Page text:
Based on the 2019 AAHA Canine Life Stage Guidelines, this printable checklist for young adult dogs will help streamline your wellness appointments without skipping any important steps in individualizing your canine patients’ care.
Everyone on the veterinary team plays a part in communicating, implementing and supporting the recommendations for life stage-based care.
The timing of neutering or spaying a dog used to be straight forward. Emerging data is suggesting that there are benefits to taking a more individualized approach to the age at which is this surgery is performed.
Routine tests such as the minimum database may be helpful for the wellness evaluation of any age dog, but are particularly important for the mature, senior, and geriatric patient, allowing early dedtection of disease or trends in clinical or laboratory parameters that may be of concern.
Developmental periods do not start and end abruptly, but rather phase in and out gradually. A checklist of items to discuss with each client based on life stage is available.
The veterinary team is the preferred source of nutritional information and has a key role in advising clients about the quality and safety of food and supplements, especially with recurrent food safety issues and misinformation about canine diets.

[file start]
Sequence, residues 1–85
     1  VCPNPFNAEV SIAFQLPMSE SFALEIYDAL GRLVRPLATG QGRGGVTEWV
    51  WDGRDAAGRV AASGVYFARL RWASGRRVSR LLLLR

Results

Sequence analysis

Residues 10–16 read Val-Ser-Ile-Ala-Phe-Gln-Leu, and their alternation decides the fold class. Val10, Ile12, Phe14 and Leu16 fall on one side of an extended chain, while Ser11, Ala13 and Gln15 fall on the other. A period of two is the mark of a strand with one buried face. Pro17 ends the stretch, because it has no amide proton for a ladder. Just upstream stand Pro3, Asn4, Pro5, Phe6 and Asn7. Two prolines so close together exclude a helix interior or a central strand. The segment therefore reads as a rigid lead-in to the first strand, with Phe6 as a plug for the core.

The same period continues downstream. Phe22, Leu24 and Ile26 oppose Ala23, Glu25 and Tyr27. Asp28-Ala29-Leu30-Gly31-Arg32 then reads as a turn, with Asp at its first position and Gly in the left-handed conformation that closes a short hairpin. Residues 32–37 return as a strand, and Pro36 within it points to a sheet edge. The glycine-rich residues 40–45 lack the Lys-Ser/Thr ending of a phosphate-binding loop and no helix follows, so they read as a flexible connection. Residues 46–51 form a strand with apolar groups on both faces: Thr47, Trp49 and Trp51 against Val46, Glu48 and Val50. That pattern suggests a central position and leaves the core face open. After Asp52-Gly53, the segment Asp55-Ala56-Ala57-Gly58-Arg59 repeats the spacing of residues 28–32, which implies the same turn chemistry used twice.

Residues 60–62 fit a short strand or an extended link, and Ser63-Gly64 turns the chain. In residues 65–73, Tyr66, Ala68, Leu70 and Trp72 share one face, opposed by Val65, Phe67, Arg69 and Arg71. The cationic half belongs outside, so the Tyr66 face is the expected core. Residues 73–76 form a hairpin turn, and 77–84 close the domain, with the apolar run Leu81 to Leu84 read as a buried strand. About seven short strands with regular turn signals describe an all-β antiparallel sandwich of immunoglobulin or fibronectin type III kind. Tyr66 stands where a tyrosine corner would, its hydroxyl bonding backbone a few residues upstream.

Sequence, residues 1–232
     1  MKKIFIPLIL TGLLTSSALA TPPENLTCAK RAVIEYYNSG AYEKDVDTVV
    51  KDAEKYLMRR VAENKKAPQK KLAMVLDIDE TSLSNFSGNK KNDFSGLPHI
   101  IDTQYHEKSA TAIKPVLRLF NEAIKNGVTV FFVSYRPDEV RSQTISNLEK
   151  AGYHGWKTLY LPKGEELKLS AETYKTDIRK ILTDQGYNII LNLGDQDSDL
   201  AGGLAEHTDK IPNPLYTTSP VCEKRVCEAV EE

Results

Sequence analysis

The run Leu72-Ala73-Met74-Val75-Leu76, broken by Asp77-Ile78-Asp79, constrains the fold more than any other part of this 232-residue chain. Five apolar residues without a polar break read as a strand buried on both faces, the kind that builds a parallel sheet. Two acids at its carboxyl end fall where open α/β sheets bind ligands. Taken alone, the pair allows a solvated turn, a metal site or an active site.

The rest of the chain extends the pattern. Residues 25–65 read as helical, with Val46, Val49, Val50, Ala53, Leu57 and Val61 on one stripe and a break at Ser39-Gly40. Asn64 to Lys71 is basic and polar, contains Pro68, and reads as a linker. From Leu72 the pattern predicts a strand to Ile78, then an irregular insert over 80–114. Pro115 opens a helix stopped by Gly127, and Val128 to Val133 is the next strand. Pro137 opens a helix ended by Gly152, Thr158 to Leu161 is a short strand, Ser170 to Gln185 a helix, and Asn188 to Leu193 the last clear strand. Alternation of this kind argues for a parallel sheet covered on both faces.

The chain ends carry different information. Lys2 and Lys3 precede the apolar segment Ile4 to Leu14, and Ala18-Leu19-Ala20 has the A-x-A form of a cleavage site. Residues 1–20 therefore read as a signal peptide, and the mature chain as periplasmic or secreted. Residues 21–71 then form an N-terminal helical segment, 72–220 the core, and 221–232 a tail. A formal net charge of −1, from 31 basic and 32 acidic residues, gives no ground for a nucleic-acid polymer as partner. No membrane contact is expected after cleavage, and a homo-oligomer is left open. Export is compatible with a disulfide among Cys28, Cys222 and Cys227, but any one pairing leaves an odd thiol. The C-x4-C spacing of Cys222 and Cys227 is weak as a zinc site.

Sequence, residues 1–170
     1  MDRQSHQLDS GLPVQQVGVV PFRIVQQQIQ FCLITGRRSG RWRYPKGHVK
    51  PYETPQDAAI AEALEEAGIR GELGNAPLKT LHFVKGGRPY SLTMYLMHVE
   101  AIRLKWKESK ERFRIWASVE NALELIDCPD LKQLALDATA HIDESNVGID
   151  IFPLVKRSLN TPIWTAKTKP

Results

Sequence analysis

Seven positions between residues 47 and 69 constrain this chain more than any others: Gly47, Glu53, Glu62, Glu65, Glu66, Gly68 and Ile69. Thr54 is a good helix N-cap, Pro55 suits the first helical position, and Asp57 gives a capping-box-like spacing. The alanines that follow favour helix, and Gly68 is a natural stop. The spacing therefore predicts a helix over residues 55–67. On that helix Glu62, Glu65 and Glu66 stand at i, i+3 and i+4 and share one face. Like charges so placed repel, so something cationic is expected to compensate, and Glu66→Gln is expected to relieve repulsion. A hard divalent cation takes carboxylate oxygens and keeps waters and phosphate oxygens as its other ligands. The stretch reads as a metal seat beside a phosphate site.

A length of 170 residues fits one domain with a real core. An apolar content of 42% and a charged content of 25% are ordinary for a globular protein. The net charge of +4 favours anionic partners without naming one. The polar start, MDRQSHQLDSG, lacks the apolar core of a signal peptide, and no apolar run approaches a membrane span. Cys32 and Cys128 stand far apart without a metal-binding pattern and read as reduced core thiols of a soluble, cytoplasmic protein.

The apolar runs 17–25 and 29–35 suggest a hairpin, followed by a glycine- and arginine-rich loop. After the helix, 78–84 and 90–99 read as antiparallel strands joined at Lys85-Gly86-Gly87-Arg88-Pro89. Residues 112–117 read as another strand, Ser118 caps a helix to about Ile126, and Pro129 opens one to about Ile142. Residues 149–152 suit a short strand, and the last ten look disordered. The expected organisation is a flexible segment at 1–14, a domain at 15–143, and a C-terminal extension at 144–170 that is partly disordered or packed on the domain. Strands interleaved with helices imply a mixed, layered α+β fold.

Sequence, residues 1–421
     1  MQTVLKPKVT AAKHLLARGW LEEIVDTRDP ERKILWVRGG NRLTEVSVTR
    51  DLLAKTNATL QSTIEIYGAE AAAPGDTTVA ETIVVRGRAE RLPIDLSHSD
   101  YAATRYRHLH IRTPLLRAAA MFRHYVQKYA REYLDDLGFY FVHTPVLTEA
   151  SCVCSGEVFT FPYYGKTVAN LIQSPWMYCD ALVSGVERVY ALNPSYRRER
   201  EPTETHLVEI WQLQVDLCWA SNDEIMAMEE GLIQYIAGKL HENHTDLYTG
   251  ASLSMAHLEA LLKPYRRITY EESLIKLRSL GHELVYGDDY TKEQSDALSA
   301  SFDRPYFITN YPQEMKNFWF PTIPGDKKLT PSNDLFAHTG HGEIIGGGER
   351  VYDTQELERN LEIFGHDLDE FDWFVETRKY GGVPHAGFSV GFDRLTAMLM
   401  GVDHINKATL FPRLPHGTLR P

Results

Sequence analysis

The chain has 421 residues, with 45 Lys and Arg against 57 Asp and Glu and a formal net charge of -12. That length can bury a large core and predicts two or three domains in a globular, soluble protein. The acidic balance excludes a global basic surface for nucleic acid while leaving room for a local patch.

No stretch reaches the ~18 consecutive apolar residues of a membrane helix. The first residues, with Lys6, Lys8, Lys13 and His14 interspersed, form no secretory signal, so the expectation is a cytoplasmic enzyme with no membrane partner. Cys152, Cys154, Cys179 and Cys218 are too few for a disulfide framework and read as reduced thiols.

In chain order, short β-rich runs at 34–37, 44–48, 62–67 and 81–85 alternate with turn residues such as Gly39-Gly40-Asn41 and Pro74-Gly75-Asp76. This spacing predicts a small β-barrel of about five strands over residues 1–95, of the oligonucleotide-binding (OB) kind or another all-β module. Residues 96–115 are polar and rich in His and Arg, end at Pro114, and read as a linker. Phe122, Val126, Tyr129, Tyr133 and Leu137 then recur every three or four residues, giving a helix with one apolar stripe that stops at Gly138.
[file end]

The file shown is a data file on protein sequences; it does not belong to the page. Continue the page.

With appropriate care, oral and dental disease and the associated pain may be either prevented or minimized. With so many dogs affected, dental care must be incorporated into each dog’s wellness plan and discussed at every visit.
Veterinarians play a crucial role in protecting dogs, their families, and the public. Routine testing to screen healthy pets for zoonotic disease or shared disease (e.g., tick-borne illness) may allow early detection in people by acting as a sentinel for family health.
Safety hazards vary with life stage and lifestyle, as well as with impairments of mobility, hearing, or sight. Guide the client in identifying and evaluating the potential for hazards, including:
At the initial puppy visit, discuss the dog’s reproductive future. Monitor older dogs for neoplasms of the reproductive organs.